- How the course will be graded
- Amount of credit the teen will be earning
- Level of rigor at which the course will be taught
Create a syllabus
Email or give your homeschool high schoolers a copy. The syllabus will let your students know what to do each week for class. This helps teens develop independent learning skills. Also, for college-bound teens, learning to use syllabi is perfect college-prep skills!
A good idea to include in your planning and syllabus is to include one or more of the following:
- Hands-on projects
- Field trips if possible
- Tests and/or papers
BTW- at 7Sisters we have a guide for how to create a syllabus along with suggested syllabi for many of our courses.
When it is time for co-op to start, at the beginning of each class, include a grabber
Grabbers are a way to get students’ heads in the game for each class- it grabs their attention and gets them focused on the lesson at hand. Some grabbers include:
- Videos (check YouTube)
- A hands-on activity
- Ask open-ended questions based on the material.
- Here is a post with discussion material for Literature classes.
- Bring in a guest for a short talk
Encourage discussion times in the class
One way to handle this is to use poker chips.
- At the beginning of class, give each student three or four poker chips (unless there is an extraordinarily shy teen or one with a disability that makes verbal participation difficult).
- The students get to hand back a chip for each question they answer or on-topic comment they make.
- When they are out of chips, they have done their talking for the day. (This slows the over-talkers down and encourages the quieter ones to speak.)
Ask for feedback through the year
Periodically during the year, ask your homeschool high school class:
- What were your favorite topics so far?
- What were your favorite projects, field trips or activities?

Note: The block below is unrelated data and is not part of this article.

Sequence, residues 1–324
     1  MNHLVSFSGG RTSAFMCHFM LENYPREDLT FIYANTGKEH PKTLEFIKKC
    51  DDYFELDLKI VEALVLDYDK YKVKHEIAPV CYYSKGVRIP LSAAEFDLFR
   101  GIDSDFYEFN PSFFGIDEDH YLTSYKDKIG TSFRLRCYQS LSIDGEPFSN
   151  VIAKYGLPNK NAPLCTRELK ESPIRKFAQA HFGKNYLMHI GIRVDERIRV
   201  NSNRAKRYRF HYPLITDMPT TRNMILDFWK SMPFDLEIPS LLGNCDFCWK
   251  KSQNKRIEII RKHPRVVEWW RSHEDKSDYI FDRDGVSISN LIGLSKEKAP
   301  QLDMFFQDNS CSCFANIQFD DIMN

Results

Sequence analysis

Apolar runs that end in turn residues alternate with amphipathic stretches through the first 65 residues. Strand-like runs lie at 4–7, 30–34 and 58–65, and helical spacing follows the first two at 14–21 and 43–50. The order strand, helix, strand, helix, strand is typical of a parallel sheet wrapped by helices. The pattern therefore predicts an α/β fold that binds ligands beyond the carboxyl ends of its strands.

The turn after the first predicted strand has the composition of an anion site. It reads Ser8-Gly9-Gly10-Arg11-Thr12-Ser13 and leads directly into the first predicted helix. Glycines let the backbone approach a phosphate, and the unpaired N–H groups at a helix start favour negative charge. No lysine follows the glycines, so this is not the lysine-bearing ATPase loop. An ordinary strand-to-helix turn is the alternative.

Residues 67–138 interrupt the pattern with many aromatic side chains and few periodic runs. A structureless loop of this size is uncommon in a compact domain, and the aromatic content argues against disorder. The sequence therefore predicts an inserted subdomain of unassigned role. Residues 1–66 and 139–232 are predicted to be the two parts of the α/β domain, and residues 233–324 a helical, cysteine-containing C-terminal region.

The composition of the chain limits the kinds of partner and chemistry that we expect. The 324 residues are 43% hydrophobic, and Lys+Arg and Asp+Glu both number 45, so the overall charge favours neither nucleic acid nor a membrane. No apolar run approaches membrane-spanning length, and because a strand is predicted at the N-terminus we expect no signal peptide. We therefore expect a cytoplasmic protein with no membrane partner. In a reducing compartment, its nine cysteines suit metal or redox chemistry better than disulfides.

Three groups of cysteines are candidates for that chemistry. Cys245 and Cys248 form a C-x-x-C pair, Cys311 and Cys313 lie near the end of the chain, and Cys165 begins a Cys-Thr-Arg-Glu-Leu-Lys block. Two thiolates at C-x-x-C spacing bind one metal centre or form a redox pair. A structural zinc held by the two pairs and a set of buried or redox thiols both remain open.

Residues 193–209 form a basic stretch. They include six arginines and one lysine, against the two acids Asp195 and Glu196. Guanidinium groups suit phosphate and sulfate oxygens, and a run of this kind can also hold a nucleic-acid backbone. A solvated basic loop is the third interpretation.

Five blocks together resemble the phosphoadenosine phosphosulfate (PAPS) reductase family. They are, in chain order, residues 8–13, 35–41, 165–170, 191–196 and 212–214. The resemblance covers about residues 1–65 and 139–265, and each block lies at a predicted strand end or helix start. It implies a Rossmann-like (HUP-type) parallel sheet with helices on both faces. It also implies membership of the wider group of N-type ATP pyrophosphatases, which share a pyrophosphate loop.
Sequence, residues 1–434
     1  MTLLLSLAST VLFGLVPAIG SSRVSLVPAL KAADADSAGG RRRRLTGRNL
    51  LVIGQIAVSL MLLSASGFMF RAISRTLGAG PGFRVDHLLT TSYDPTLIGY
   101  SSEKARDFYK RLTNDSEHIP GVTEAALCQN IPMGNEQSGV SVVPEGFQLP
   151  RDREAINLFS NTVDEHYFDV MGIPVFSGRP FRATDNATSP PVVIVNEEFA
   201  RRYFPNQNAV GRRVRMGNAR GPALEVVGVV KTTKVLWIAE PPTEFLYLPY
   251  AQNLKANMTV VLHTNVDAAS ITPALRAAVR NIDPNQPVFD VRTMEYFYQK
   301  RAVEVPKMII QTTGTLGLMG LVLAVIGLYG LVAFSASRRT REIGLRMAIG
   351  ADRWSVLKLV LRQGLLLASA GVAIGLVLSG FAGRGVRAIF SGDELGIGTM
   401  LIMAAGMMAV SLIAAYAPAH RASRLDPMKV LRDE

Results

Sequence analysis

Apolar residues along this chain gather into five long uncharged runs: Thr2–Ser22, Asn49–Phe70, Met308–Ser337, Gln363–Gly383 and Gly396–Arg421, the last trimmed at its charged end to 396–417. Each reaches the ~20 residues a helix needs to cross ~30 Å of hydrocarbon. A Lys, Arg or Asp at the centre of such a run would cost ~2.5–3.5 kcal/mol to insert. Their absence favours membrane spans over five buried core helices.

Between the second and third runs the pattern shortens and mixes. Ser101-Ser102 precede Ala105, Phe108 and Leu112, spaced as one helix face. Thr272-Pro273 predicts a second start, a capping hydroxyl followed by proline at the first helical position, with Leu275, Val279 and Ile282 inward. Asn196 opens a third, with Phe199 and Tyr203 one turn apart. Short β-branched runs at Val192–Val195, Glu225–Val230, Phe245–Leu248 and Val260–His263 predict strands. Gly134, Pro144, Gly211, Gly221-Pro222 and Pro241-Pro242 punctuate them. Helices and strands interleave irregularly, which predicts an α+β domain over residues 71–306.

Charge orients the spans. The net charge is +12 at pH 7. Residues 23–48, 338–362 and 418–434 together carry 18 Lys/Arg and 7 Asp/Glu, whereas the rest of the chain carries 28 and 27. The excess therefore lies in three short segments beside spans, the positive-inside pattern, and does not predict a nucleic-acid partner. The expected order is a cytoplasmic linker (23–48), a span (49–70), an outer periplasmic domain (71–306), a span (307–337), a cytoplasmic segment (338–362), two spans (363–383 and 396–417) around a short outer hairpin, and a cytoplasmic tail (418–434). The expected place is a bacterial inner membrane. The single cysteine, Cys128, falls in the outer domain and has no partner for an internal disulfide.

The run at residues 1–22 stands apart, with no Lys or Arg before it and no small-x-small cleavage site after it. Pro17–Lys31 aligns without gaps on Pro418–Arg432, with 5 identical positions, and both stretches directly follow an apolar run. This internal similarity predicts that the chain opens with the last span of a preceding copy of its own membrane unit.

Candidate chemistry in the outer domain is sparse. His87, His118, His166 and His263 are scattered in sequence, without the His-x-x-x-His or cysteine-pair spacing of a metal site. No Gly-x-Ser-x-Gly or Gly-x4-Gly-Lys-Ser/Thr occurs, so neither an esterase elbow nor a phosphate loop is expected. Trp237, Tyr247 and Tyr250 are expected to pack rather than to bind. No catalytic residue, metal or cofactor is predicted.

As far as covering the material in a textbook, there are several ways to handle this in your co-op class
- Have teens read that day’s lesson ahead of time
- Read it together in class
- Read it yourself, week by week, and then teach it. Teens can read it later as homework.
At the end of the year, give each student some personal feedback
Don’t just give them a final grade, but also give each student a positive comment about a strength you saw in them over the year. This can have a big impact in the teen’s life.
Be sure to check out 7SistersHomeschool’s Authoritative Guide to Homeschool Co-ops. That post has SO much free information. While you are at it, check out these Homeschool Highschool Podcast episodes about co-ops:
- How to Teach Shakespeare in Homeschool Co-ops
- How to Teach Human Development in Homeschool Co-op
- Healthily Handling Lunchtime at Homeschool Co-op
- Helping Homeschool High Schoolers Adjust to Group Classes
Hey, also, don’t forget that there are other awesome podcasts here at the Ultimate Homeschool Podcast Network. One of the most helpful is Homeschooling with Technology. You will be amazed at how much rich information and how many resources you will find there. PLUS there are TONS of episodes about Homeschool Co-ops at Homeschool CPA podcast.
Join Vicki for a discussion on teaching homeschool co-op classes for teens.